TOKYO—Japanese drinks giant Kirin said Thursday it has agreed to a buyout of its shares in a Myanmar joint venture with a junta-linked conglomerate, completing its exit from the market over the 2021 coup.
Days after the putsch in February 2021, Kirin announced it would end its joint venture Myanmar Brewery with the junta-linked MEHPCL, saying it was “deeply concerned by the recent actions of the military in Myanmar”.
But it struggled to disentangle itself from the secretive conglomerate and contested a bid by MEHPCL to dissolve the joint venture as it feared liquidation proceedings would not be fair.
Kirin said Thursday that a share buyback agreement worth about 22.4 billion yen (US$164 million) had been reached to transfer its 51 percent stake back into the subsidiary, ending the joint venture.
“We are relieved to settle this matter within the announced deadline by the most appropriate means among several options,” Yoshinori Isozaki, Kirin’s president and CEO, said in a statement.
According to figures published by Kirin in 2018, Myanmar Brewery—whose beverages include the ubiquitous Myanmar Beer brand—boasted a market share of nearly 80 percent.
But Kirin had been under pressure even before the coup over its ties to the military, and launched an investigation after rights groups called for transparency into whether money from its joint venture had funded rights abuses.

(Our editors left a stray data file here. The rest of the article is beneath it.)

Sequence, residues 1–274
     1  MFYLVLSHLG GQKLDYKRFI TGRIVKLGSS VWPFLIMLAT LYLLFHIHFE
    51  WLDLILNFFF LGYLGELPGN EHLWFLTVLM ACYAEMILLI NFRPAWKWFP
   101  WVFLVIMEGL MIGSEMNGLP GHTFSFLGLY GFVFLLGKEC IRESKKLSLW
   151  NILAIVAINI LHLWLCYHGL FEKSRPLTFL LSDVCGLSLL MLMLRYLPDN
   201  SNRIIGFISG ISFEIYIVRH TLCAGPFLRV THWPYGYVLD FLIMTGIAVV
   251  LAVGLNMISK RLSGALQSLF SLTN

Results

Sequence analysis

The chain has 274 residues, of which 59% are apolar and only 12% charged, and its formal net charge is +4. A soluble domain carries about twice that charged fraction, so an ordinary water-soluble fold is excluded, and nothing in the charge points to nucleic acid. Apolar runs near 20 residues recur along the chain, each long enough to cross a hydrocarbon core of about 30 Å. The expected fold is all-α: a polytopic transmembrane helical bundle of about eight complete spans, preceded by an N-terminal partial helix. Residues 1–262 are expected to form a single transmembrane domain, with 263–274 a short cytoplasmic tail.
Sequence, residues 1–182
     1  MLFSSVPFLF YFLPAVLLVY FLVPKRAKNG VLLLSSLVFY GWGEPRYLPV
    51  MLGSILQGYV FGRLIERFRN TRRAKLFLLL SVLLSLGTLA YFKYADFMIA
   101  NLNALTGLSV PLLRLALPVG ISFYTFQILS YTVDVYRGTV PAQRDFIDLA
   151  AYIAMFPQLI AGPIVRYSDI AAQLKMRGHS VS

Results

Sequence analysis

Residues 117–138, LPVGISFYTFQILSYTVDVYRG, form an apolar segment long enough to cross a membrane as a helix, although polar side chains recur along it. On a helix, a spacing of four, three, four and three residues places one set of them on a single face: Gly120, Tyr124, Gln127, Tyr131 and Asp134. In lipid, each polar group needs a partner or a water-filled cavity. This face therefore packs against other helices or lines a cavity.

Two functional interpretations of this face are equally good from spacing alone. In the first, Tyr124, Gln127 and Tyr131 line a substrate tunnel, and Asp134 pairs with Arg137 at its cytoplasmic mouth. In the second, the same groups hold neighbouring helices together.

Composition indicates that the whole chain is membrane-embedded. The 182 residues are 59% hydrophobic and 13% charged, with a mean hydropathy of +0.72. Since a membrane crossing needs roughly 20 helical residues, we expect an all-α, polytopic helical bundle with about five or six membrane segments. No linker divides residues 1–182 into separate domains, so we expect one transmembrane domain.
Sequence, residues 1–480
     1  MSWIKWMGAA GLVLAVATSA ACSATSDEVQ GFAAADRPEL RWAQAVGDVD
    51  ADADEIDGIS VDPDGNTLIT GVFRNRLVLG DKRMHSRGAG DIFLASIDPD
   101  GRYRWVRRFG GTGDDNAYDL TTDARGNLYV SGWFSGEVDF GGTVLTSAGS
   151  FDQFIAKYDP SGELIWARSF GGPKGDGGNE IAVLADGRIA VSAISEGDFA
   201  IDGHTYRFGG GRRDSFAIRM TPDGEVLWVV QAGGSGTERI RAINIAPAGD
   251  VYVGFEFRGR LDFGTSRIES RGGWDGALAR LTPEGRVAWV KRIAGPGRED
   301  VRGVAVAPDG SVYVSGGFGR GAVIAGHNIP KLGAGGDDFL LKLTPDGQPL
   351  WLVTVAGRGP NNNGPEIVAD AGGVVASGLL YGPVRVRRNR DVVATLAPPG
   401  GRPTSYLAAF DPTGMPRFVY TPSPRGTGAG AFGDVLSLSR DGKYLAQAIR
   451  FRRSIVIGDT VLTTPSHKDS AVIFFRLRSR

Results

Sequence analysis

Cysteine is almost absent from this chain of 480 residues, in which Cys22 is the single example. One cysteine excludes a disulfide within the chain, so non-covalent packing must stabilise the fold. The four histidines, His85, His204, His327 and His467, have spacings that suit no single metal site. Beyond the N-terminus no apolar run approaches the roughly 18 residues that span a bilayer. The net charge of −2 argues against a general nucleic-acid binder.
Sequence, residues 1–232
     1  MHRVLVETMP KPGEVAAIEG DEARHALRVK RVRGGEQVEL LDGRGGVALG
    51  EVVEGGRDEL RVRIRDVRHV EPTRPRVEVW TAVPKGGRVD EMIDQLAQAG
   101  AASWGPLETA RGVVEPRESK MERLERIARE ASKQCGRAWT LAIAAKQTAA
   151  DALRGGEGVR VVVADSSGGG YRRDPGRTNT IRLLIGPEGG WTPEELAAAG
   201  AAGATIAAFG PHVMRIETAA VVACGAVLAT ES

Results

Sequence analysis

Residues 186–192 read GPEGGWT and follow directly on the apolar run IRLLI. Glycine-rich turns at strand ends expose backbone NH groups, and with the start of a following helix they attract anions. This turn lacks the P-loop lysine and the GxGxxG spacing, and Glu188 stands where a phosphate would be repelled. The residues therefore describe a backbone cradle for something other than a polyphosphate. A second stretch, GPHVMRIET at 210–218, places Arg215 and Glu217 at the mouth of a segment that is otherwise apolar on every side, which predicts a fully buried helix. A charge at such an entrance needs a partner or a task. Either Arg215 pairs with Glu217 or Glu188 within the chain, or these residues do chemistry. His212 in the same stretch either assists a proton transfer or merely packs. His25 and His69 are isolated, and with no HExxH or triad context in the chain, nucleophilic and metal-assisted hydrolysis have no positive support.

Investors piled into Myanmar after the military relaxed its iron grip in 2011, paving the way for democratic reforms and economic liberalization.
They poured money into telecoms, infrastructure, manufacturing and construction projects—before the coup upended the democratic interlude and damaged the economy.
But a raft of foreign companies have exited the market since the military seized power from Daw Aung San Suu Kyi’s government, including oil giants TotalEnergies and Chevron and Norwegian telecoms operator Telenor.
Kirin’s Myanmar business generated 32.6 billion yen in revenue in 2019-20, less than 2 percent of the firm’s annual sales.